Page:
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Re: nwalsh and XML vs SGML [Fwd: First Open Source Documentation Summit at the O'Reilly Open Source Convention]
On Jul 19, 3:50pm, Gary Lawrence Murphy wrote:
> Subject: Re: nwalsh and XML vs SGML [Fwd: First Open Source
> >>>>> "G" == Greg Ferguson <email@example.com> writes:
> G> .. the presentation aspects in ldp.dsl or any other
> G> customized DSSSL stylesheet can be (or will need to be) carried
> G> over into any kind of XSL implementation...unless we use some
> G> default styles.
> Yes, but re-interpreted out of the functional-programming DSSSL idiom
> and expressed in the declarative XSL idiom. It's the old "write two
> programs, throw the first away"
Ahh, the price of progress...:-}
> G> There needs to be an underlying tranformation engine as
> G> well. Whether openjade or something else, we would have to look
> G> into that. For example, how would one create a pdf instance
> G> from only an XML doc instance and a set of XSL styelsheets?
> That is the question I am frightened to ask ;) I believe it currently
> boils down to Xalan and something called xmltex but haven't the time
> to poke sticks at either. It is true that the next generation of
> browsers will have XML support, but if you recall how long it took
> just to get stylesheets in all the browsers (and NS 4.73 is still
> hopelessly broken) don't hold your breath waiting for XML support.
Oh, don't worry, I won't! I've been preaching the same thing here
at our company.
> On top of that, a certain predatory company has already vowed to pervert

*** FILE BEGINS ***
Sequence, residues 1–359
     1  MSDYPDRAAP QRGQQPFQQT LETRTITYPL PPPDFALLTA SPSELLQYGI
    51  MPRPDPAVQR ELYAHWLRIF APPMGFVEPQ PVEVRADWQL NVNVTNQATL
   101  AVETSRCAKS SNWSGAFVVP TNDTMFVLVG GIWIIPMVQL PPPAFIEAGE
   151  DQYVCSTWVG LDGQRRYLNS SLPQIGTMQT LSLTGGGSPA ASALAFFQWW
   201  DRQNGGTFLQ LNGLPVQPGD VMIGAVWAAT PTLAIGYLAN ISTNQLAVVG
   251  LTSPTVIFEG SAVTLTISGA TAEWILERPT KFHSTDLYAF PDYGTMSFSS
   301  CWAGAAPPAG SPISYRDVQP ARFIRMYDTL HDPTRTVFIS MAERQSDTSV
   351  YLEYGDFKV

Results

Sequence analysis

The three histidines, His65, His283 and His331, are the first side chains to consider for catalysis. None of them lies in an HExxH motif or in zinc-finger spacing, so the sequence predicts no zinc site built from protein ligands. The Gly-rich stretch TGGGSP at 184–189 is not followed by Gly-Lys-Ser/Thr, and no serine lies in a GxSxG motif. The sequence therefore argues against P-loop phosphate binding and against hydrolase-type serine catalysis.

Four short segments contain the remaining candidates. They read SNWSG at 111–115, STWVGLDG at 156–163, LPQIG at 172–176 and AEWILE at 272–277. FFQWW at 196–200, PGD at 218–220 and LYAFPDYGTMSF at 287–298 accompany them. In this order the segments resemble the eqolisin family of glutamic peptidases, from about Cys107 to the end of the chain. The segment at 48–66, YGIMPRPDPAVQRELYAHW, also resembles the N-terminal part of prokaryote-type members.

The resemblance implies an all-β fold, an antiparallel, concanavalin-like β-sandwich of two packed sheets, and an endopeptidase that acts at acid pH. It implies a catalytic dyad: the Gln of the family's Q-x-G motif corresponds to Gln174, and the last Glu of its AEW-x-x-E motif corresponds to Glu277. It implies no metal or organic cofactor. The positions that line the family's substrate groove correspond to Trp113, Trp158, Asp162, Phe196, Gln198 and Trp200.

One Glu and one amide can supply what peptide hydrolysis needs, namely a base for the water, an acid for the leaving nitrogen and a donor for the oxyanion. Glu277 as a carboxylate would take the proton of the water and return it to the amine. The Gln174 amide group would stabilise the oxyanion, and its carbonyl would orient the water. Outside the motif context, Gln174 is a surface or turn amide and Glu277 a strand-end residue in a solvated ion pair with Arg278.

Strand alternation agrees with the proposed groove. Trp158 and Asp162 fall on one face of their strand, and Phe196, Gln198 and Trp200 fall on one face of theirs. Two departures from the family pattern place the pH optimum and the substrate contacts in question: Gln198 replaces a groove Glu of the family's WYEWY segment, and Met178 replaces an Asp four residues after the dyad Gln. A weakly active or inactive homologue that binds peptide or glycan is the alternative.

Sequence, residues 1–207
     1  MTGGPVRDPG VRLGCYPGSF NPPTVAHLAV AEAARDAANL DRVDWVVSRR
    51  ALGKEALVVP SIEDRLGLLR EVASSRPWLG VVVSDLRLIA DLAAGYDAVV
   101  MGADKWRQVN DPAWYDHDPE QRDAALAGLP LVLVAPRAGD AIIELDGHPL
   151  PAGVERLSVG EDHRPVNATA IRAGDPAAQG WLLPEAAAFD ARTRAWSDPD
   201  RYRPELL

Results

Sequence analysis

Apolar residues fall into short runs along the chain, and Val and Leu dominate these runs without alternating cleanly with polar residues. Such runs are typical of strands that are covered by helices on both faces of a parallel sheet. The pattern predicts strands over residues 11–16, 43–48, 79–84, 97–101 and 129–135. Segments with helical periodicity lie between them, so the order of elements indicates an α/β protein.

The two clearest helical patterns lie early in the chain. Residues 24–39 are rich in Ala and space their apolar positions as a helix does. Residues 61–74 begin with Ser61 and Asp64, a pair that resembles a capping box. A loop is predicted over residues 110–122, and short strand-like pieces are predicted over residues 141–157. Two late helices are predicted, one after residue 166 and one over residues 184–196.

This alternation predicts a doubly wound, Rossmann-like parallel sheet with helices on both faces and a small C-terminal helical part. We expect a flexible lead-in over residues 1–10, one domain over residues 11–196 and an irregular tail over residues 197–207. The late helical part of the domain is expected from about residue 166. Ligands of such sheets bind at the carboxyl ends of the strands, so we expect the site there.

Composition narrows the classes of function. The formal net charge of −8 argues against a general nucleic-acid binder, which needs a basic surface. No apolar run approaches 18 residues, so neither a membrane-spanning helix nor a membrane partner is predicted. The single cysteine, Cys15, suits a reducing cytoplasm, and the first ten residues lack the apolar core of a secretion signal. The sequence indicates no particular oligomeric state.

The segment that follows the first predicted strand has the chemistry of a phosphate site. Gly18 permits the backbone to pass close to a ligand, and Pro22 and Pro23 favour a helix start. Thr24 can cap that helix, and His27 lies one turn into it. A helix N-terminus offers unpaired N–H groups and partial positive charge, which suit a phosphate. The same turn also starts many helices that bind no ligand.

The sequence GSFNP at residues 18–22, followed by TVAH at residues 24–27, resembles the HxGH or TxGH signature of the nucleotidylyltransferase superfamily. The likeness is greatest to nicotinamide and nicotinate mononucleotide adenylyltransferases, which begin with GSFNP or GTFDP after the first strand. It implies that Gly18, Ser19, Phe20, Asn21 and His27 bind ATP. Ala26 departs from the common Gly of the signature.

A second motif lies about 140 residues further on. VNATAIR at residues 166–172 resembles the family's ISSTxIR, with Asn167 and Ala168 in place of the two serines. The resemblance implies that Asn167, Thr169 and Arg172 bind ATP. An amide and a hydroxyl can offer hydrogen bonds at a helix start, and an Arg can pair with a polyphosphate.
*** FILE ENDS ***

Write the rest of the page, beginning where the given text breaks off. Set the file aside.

> that standard to discourage using any alternative browsers.
Gee, I find that hard to believe.
> Thus, for the forseeable future, the presentation formats will remail
> HTML, PDF and ASCII and, to my knowledge, there are no general tools
> for transforming docbookx to these formats via XSL --- if there are,
> someone please correct me. From what I understand, we can still use
> openjade/opensp and DSSSL for the interim, but keep in mind that our
> DSL files are members of an endangered species.
> Norm's site and the DocBook Guide mention XML and XSL with examples,
> but only describe DSSSL in enough detail to actually lead to a printed
> page. Add to this the general consensus that jadetex is the weakest
> link in our arguments for DocBook and it suggests a convergence to a
> crisis. I'm only guessing, but perhaps it is time to hunt down that
> xmltex thing and re-write the book on sgmltools.
Here's an article on "DSSSL for XML: Why not?"
In theory we could go this route, with little impact
on the existing publishing environment.
and here are a set of Open-source XML projects/tools:
In particular, an open source (java) transformation
engine that creates PDF from XML doc:
Time to do some reading.
Greg Ferguson - s/w engr / mtlhd | firstname.lastname@example.org
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